Chelsea Manning illuminates the struggle of transgender individuals in the U.S.
By Val Servino—
For a vast majority of the American public, Lesbian, Gay, Bisexual, Transgender, and otherwise Queer equality is a thing of the past. There exists the misguided belief that after the annulment of Don’t Ask, Don’t Tell, officially known as Section 571 of the National Defense Authorization Act for the Fiscal Year 1994, as well as California’s Proposition 8 and the Defense Against Marriage Act, the fight was over—not only over, but won.
However lovely a thought this may be, it is just that—a thought, with no actual substance to be found within the American reality. Transgender folk live within a largely hostile social climate, offered no medical coverage for psychologically necessary procedures, which are instead classified as cosmetic alterations that range from 100 dollars per month to upwards of 20,000 dollars per operation, plus travel costs, hospital fees, and post-operative care. Once therapist fees and other expenses such as clothing, chest binders or padding, and superficial genital modification implements accumulate, costs can raise as high as 80,000 dollars.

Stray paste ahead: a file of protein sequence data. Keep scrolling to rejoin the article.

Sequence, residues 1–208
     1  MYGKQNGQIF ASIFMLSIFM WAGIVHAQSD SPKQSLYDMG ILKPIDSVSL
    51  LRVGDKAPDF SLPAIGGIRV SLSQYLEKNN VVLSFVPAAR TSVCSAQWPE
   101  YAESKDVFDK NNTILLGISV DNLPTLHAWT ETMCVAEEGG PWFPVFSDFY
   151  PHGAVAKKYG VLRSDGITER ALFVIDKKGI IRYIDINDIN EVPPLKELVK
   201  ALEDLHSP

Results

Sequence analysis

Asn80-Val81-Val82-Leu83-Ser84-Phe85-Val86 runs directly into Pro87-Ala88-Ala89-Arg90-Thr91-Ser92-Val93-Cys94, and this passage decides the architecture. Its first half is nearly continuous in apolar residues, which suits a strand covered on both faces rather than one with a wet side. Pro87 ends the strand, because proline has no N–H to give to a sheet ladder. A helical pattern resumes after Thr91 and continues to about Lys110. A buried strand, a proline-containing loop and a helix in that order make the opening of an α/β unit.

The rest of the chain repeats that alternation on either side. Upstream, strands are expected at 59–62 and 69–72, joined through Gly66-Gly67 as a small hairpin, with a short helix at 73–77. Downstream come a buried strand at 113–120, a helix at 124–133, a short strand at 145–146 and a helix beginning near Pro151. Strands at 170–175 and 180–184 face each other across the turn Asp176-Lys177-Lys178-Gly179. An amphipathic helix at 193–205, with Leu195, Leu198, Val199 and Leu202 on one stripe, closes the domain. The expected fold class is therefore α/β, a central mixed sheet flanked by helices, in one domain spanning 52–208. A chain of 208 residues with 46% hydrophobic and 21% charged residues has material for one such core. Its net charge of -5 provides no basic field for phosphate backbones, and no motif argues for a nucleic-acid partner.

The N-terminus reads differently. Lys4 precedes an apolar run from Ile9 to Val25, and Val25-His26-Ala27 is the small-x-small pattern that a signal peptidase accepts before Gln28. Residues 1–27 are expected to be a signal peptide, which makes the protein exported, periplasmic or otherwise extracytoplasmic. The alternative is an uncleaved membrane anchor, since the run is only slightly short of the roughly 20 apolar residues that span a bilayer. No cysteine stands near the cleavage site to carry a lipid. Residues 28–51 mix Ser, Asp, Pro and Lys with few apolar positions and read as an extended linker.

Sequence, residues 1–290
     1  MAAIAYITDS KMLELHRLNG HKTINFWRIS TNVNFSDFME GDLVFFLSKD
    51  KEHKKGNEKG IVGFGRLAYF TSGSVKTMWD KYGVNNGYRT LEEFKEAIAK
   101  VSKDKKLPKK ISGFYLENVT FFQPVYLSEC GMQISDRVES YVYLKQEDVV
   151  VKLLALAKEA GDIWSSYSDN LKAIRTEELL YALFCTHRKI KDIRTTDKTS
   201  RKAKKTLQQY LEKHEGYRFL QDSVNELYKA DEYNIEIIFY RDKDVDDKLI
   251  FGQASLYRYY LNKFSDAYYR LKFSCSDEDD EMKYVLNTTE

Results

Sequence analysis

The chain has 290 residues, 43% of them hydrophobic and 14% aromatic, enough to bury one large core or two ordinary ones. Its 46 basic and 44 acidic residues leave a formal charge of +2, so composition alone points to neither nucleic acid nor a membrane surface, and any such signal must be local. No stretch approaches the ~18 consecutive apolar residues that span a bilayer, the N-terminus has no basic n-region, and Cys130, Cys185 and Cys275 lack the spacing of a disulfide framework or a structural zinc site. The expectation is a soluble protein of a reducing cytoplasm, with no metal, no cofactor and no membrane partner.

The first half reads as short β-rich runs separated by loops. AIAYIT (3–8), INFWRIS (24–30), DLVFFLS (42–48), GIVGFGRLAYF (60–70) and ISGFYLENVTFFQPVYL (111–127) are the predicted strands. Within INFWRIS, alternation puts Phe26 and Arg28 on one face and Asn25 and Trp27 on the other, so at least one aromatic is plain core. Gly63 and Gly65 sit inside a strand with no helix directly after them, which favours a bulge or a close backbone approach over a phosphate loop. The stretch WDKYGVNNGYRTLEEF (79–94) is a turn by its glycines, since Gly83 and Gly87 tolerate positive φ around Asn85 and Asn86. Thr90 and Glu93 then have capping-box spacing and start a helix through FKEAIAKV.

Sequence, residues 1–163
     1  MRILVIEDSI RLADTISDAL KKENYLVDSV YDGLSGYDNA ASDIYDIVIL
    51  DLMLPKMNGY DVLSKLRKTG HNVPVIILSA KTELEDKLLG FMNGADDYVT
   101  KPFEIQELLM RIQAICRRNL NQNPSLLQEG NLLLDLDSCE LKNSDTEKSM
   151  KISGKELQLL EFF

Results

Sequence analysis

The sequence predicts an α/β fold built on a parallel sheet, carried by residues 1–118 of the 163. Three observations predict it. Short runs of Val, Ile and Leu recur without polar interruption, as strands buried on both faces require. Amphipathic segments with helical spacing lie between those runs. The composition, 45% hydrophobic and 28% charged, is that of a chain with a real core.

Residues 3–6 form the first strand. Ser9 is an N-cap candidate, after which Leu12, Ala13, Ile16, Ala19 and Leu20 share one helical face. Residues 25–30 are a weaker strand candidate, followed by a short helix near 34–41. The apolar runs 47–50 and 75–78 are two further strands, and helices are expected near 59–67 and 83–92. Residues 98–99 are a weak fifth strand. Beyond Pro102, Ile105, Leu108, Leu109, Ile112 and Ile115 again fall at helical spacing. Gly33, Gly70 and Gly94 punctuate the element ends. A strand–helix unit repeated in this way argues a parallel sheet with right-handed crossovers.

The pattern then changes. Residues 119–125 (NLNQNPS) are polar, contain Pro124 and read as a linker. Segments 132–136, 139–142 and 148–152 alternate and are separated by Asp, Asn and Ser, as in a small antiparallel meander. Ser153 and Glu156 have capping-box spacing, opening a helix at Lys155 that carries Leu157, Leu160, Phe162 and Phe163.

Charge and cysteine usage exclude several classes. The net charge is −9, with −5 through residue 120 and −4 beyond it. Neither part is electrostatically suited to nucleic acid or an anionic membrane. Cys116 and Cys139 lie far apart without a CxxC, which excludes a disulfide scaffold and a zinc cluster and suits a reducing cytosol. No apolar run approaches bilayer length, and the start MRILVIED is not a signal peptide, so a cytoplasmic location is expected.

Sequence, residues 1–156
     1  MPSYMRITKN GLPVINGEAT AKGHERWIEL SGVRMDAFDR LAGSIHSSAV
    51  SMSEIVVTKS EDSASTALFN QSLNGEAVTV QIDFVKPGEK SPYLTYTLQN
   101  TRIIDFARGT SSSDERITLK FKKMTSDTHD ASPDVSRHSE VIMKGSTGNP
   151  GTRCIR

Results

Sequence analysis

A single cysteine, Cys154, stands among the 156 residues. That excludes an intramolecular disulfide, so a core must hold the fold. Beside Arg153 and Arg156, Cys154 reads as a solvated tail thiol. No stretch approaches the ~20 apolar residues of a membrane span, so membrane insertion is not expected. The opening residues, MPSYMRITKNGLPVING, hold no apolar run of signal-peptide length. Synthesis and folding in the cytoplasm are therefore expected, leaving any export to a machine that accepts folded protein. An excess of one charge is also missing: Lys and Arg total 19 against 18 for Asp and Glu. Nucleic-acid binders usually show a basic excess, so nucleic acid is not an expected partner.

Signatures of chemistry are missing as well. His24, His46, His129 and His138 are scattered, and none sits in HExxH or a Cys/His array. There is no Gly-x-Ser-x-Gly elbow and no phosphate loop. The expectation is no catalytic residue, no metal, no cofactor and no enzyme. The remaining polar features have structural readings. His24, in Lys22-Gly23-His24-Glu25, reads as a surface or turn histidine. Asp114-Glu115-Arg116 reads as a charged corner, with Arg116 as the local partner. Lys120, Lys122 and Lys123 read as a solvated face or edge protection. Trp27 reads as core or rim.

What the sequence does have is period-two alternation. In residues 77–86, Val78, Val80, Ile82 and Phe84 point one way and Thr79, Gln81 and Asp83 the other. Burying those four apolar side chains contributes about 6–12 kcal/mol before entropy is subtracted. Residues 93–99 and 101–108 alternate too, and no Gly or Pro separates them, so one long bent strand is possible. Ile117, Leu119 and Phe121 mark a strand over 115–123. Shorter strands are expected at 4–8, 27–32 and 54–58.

The argument against the cosmetic stance cannot be fought without trivializing the transgender experience as a disability, given its longstanding place in the Diagnostic and Statistical Manual of Mental Disorders, now on its fifth edition, which downgrades trans-status from a disorder to “gender dysphoria.” This term is widely used within the transgender community to describe acute sadness or anger towards the body, or specific parts of the body, that do not match one’s ideal image. This new diagnosis extends only to those who experience this unfortunate phenomenon. Those given care under past DSM manuals were diagnosed with Gender Identity Disorder, which encompassed all those with feelings of gender variance. Such diagnosis is required for any transitional procedures, such as hormone replacement therapy, known as HRT, or sexual reassignment surgery.